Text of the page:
The Renault burst effortlessly through what turned out to be an anorexic privet, and immediately encountered something more substantial in the form of an astonished and transfixed Cheviot. McGregor heard a gassy – groan half-baa and half-burp – as the sheep was bounced into the air, the Renault bludgeoning onwards beneath.
      • 2003, William Arnold, Scott Auden, Lint! The Musical: A Musical in Two Acts, Cedar Rapids, Ia.: Heuer Publishing, →ISBN, act I, page 15:
      • 2003, Robert Needlman, “Comforting”, in Dr Spock’s Baby Basics, New York, N.Y.: Pocket Books, →ISBN, pages 191–192:
        If your baby seems gassy (which he might show by habitually fussing after meals and being relieved partially by a big burp), one cause might be swallowed air.
    3. (specifically, of a person) Tending to release flatus; flatulent.
      Synonyms: farty, flatulent
      • 2005, Larry A. Glanz, “Introduction”, in The Ultimate Book of Bathroom Etiquette and Humor, [Bloomington, Ind.]: Xlibris, →ISBN, page 19:
        [] Always go to the bathroom when feeling gassy and bloated, and never break wind in any public situation, especially not on hot dates!
      • 2010 September 2, Gary L. Tucker, “I’m Feelin’ Kinda Gassy”, in I’m Feelin’ Kinda Gassy: Fun Poetic Short Stories, [Bloomington, Ind.]: Trafford Publishing, published 8 November 2011, →ISBN, page 3:
        I could feel the pressure building but there was just no shielding / There were small explosions; hope nobody heard them / Followed by aroma; I tried to hold it in / I tried to hold it in but here we go again // Pass me the Gas-Free 'cause I'm feelin' kinda gassy / It may not be classy when I'm feelin' quite so raspy / Don't think I'm being passé when I say we all get gassy / So pass me the Gas-Free 'cause I'm feelin' kinda gassy
  2. (of food or drink) Tending to cause flatulence.
    Synonym: farty
    Beans are a gassy food.
    • 2013, Stan[ley A.] Cohen, “Breastfeeding is Almost as Simple as It Looks”, in What to Feed Your Baby: Cost-conscious Nutrition for your Infant, Lanham, Md.: Rowman 7 Littlefield Publishers, →ISBN, page 32:
      If your baby is colicky, and you are breastfeeding, sometimes you can relieve some of the baby's irritability by restricting your diet. Gassy foods, particularly gas-producing vegetables (such as cabbage, broccoli, cauliflower, and mushrooms), and gassy drinks (sodas, beer, and champagne) upset many babies, so consider eliminating those first.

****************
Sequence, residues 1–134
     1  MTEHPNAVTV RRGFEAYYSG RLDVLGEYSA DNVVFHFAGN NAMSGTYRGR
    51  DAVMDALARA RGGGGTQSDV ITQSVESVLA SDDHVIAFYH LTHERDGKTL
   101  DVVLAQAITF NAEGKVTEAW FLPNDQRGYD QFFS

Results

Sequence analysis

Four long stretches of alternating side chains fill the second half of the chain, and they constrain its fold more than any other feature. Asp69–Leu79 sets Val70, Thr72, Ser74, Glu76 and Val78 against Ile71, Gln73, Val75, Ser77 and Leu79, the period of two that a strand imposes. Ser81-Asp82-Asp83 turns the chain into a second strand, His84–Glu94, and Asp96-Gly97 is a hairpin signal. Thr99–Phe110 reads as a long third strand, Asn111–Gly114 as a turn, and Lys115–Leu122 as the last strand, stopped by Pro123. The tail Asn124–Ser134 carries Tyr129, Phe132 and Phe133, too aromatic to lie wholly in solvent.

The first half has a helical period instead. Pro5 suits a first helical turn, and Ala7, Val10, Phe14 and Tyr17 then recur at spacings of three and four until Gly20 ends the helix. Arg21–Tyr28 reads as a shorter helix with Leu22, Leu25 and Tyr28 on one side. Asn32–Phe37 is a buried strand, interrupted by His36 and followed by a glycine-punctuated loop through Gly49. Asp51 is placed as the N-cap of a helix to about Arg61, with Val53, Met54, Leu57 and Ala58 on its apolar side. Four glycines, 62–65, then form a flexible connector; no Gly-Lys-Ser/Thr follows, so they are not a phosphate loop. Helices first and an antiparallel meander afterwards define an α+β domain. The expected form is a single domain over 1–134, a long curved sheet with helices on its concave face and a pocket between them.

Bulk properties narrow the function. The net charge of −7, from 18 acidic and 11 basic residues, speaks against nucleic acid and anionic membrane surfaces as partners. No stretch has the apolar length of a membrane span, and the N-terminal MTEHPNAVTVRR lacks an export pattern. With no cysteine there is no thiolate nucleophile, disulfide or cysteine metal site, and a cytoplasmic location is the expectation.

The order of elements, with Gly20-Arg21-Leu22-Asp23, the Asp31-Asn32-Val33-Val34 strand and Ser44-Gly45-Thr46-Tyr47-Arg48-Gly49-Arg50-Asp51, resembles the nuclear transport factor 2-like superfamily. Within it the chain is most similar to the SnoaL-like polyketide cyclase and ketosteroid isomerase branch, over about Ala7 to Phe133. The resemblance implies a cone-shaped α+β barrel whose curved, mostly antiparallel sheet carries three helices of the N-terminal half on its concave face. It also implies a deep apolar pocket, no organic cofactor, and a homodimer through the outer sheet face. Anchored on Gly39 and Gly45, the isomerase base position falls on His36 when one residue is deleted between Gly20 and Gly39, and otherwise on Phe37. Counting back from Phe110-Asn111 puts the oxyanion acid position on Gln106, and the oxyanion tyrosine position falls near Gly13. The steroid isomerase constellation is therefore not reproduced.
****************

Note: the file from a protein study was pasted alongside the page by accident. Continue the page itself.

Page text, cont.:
3. (figurative, informal) Tending to be long-winded or wordy, especially in a boastful and vain manner.
    Synonyms: see Thesaurus:verbose
    Antonyms: see Thesaurus:taciturn
    • 1873, David P[arshall] Mapes, “My Speech at the Pioneer Festival”, in History of the City of Ripon, and of Its Founder, David P. Mapes, with His Opinion of Men and Manners of the Day, Milwaukee, Wis.: Cramer, Aikens & Cramer, publishers and printers, →OCLC, page 150:
      [H]e went home [] and told them about his trip; how at Ripon he saw the gassiest man he had ever seen; an old steamboat captain by the name of Mapes; how I told him where we were going to have colleges, mills, stores, etc., [] the last time I saw him before he died he told me that he had seen all my gassy story carried out, and more too.
    • 1878, John Donkey [pseudonym; Thomas Dunn English], “[Gassy Congressmen]”, in Gasology: A Satire, Philadelphia, Pa.: John Donkey & Co., →OCLC, page 27:
      Oh, that we had gasometers to test, / What presidential candidate is best, / I mean the gassiest; for by such assay, / We might elect him in the shortest way, []

Derived terms[edit]